GREENSBORO — The city is the first in the state to include sexual orientation, gender identity and gender expression in its housing nondiscrimination policies, city officials say.
The City Council voted unanimously Tuesday to make the changes to three existing nondiscrimination ordinances.
The first prohibits discrimination in city programs, services or activities. As part of this the city will explore the feasibility of adding gender neutral rest rooms or changing rooms in all city buildings. The rooms would be available to all genders and people of all gender identities and expressions, as well as to families.
Councilman Tony Wilkins expressed concern at the possible cost of creating new, gender neutral accommodations, but Mayor Nancy Vaughan said it shouldn’t be difficult.
“A lot of our buildings already have family rest rooms or changing rooms,” Vaughan said. “This would just designate these spaces as gender neutral.”
The second change codifies nondiscrimination protections already in place for city employees based on sexual orientation and adds gender identity as a protected class.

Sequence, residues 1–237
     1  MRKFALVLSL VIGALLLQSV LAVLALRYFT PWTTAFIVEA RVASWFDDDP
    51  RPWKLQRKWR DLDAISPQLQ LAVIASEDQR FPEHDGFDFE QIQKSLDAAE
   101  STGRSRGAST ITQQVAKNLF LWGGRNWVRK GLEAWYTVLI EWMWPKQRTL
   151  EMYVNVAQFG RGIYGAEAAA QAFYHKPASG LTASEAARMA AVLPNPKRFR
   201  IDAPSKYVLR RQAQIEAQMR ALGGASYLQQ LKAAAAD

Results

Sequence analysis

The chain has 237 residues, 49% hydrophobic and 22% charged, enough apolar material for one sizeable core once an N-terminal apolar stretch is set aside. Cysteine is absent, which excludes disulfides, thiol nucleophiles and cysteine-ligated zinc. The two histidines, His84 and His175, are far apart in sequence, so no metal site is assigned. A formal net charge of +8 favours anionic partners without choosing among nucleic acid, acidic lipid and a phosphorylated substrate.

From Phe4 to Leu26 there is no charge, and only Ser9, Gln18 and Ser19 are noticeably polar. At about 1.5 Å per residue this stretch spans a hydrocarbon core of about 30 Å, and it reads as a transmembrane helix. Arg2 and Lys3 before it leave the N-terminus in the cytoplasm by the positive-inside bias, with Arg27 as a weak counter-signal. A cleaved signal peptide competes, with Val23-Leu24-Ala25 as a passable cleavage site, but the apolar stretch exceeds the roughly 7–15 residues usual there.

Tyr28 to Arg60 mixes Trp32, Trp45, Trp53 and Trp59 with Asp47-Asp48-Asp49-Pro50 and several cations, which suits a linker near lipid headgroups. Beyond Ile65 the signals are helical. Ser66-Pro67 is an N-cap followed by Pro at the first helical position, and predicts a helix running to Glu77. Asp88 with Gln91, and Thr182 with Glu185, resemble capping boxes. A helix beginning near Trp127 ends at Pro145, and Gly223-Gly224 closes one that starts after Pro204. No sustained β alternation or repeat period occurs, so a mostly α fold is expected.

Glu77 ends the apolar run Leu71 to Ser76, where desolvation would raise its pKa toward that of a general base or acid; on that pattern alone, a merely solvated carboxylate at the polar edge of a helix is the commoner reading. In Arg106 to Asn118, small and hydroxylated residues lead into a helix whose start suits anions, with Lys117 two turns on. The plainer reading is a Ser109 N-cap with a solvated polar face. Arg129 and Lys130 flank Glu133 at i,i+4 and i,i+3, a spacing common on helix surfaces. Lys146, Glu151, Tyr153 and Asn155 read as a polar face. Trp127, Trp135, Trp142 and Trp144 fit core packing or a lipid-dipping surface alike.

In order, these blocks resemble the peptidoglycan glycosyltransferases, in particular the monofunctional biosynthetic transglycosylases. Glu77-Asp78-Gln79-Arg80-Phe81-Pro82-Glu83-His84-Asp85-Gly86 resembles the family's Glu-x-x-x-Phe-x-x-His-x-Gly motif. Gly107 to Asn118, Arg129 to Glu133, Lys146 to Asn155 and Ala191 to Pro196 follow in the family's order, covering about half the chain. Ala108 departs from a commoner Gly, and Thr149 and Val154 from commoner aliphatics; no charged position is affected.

The final change prohibits discrimination in the “buying, renting, selling, or advertising of real estate” on the basis of sexual orientation or gender identity — a newer battleground in the movement for lesbian, gay, bisexual and transgender rights.
Chris Sgro, the executive director of LGBT advocacy group Equality NC, congratulated the council on making the changes.
Sgro said he is proud, as a Greensboro resident, that his city is the first in the state to adopt these protections.
“There’s massive public support for protections in housing, protections in employment and protections in public accommodations,” he said. “Most North Carolinians believe the protections already exist, but they exist in a surprisingly small number of municipalities across the state, and Greensboro becomes the first in the state to add those protections in terms of housing.”
Sgro said that Charlotte is expected to adopt similar protections later this month and that his group has been working to get similar protections in other cities throughout the state in what he believes will be a “domino effect.”
“I think this means we’re going to be able in Greensboro to position ourselves in a critical business environment,” Sgro said of the changes. “Eighty-five percent of LGBT folks and 70 percent of young professionals say they take into account whether municipalities have these kinds of protections as a barometer of whether it’s a city they want to live in. Major employers across the country pay attention to that. So, it’s the right thing to do and it also gives us a competitive edge.”